Trump and Congressional Republicans have vowed to avoid “pulling the rug out from anyone” by keeping ACA in place until they have a new plan. Details of that plan have yet to be provided, though, so we are left to anxiously watch and wait while the Administration debates how it will fulfill its promise to repeal and replace the health care law.

Stay tuned for more information on the potential impact of ACA repeal, including how funding for Medicare, Medicaid, CDC and research programs may be affected.  

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January 17, 2017 - ACA Repeal Update

In the early hours of the morning last Thursday, the U.S. Senate voted to start the budget reconciliation process which instructs House and Senate committees to come up with Affordable Care Act (ACA) repeal legislation by January 27. This was, in essence, a procedural action to set a deadline for voting on the repeal of ACA funding.

A number of media outlets, as well as members of the public, interpreted Thursday's actions as an end to ACA. This is not the case. While the Senate's vote sets the stage for the process of repealing "Obamacare," it is only the first of many steps that must be taken. 

Despite broad consensus from the new administration that ACA should be abolished, legislators on both sides of the aisle have expressed concern about voting to repeal the law without a new plan to take its place. For this reason, it's likely that a reconciliation vote will be delayed while Republicans work to develop a viable alternative.

Even if Congress goes forward with a vote on reconciliation in the coming weeks, the earliest a repeal of ACA could be implemented is 2018. And, that may only be a partial repeal. Many ACA components, including insurance coverage for those with preexisting conditions and caps on out-of-pocket expenditures, cannot be repealed via the reconciliation process. Abolishing these provisions must be done through a different legislative process (not related to budgets or funding) which is likely to take much more time and effort. Most policy experts agree that the repeal and replace strategy will take 2-3 years to implement.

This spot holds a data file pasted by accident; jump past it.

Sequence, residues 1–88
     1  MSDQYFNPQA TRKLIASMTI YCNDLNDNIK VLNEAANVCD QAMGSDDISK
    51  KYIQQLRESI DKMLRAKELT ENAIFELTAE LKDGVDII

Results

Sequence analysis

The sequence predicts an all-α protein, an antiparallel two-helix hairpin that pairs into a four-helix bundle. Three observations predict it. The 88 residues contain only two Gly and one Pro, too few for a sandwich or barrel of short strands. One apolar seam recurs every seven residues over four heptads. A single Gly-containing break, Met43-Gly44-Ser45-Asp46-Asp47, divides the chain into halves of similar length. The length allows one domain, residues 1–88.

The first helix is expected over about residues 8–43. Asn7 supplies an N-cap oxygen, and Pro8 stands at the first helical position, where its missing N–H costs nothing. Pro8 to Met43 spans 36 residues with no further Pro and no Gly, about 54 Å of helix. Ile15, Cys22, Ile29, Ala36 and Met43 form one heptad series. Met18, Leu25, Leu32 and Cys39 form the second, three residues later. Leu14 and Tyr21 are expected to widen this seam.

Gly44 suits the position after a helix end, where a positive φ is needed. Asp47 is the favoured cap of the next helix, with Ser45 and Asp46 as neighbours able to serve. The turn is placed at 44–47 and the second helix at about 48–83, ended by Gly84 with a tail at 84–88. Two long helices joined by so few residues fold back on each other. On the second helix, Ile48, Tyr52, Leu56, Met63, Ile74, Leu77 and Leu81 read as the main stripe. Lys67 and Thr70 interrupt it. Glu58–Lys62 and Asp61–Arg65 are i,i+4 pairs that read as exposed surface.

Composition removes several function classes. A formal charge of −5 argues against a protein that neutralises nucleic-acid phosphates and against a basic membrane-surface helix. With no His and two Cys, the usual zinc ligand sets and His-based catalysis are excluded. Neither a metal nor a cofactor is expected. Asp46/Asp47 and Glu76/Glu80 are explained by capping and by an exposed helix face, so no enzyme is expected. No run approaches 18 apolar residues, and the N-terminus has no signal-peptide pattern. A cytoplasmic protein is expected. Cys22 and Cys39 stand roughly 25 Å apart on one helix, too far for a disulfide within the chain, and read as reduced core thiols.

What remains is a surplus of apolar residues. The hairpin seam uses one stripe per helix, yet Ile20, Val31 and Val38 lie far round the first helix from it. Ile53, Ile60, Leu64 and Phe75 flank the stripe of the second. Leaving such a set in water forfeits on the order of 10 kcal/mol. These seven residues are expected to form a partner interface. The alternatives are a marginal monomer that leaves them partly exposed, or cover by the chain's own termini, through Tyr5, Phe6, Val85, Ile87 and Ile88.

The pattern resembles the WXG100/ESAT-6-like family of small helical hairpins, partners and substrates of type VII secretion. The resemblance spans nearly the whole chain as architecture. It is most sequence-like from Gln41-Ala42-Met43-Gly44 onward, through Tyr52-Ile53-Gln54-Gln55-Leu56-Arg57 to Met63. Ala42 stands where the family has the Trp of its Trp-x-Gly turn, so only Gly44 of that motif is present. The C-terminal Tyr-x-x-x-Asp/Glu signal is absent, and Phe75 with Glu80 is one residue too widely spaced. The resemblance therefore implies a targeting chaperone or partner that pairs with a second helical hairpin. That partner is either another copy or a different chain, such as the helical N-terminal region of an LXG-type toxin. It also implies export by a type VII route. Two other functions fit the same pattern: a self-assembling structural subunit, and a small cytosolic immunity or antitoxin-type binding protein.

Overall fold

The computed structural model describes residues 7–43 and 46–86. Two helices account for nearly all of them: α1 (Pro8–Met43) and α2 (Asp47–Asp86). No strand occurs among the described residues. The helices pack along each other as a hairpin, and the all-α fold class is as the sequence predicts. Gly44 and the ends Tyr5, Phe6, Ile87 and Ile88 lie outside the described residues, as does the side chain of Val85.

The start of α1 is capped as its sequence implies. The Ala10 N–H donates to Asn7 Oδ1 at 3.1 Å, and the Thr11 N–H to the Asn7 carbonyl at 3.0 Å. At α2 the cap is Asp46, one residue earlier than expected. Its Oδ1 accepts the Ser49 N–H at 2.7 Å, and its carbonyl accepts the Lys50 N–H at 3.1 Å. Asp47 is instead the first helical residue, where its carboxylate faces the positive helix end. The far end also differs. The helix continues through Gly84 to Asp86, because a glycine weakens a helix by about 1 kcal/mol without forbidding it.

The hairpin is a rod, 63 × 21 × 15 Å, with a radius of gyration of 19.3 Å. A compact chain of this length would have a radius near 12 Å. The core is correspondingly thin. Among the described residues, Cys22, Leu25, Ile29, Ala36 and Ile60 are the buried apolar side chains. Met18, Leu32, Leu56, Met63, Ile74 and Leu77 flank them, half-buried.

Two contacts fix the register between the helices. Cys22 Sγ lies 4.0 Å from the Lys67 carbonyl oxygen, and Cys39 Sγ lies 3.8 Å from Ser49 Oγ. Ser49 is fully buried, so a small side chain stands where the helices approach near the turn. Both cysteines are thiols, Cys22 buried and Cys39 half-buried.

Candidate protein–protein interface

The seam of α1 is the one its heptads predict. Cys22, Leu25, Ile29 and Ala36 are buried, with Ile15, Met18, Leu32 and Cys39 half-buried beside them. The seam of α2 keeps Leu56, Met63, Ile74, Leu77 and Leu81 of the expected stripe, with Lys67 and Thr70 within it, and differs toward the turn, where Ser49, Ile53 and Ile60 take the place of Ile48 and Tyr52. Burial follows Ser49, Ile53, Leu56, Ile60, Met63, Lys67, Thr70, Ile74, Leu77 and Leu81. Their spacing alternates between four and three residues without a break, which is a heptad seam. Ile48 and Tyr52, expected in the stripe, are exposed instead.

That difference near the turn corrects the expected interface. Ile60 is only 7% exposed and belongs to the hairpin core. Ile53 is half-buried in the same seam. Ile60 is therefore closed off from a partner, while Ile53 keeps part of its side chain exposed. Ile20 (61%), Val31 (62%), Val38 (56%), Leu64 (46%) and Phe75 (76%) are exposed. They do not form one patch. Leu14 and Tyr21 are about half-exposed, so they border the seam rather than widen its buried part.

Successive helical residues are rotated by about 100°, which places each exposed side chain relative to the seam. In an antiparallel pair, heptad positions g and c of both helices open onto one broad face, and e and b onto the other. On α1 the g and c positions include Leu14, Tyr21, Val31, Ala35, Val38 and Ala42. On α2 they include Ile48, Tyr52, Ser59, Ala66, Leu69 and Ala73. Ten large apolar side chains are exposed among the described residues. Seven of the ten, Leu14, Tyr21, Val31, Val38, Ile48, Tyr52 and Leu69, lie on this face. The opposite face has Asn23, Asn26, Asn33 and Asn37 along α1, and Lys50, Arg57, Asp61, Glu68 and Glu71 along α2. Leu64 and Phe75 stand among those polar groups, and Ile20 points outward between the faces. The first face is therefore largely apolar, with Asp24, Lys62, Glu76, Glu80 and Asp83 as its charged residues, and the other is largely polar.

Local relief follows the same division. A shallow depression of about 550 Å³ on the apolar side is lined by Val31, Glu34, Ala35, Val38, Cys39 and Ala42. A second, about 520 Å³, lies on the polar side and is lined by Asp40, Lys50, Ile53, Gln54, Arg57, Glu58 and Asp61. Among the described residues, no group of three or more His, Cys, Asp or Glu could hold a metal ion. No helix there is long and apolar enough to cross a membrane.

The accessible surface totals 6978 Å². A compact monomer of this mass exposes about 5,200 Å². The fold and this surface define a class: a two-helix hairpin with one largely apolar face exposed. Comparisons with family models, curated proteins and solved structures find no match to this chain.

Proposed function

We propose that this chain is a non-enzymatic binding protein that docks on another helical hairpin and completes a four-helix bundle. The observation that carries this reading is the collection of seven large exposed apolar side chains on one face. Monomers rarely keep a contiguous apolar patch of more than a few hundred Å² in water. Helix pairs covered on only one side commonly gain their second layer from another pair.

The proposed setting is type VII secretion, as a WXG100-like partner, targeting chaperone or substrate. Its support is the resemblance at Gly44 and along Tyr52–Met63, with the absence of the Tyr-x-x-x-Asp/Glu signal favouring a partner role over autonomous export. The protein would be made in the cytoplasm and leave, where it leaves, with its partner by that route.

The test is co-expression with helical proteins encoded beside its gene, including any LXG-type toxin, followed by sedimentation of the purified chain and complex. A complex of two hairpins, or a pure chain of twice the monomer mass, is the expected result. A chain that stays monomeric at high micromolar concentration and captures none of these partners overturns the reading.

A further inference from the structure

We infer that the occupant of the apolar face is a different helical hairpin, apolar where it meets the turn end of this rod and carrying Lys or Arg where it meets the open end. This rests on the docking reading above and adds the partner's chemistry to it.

In Summary...
How does the 1/11/17 Senate vote impact members of the hereditary cancer community?

  • While laying the groundwork for partial repeal of ACA, this week's vote didn't change anything.
  • If you currently have health insurance, your policy will remain intact throughout the remainder of the 2017 plan year because contracts have already been signed. 
  • Important ACA protections for the hereditary cancer community such as coverage of those with preexisting conditions (i.e. a current or prior cancer diagnosis) will not be impacted by a reconciliation vote.
  • Previvors - diagnosis of a genetic mutation associated with increased risk of cancer cannot be used against you in regard to eligibility or rates for health insurance coverage. These protections are covered under the Genetic Information Nondiscrimination Act (also known as GINA) which is completely separate from the ACA and not under consideration for repeal. 

Action Item
Even if the recent vote didn't affect current health care coverage, change is definitely on the horizon. We urge you to contact your elected officials via phone or email to let them know your priorities in regard to health care coverage. Encourage friends and family to take action. The more people that elected officials hear from, the more likely they will be to protect key provisions of the Affordable Care Act. Visit USA.gov to find contact information for your elected officials.

Check back here for regular updates and information about pending changes to health care and how they may impact the hereditary cancer community.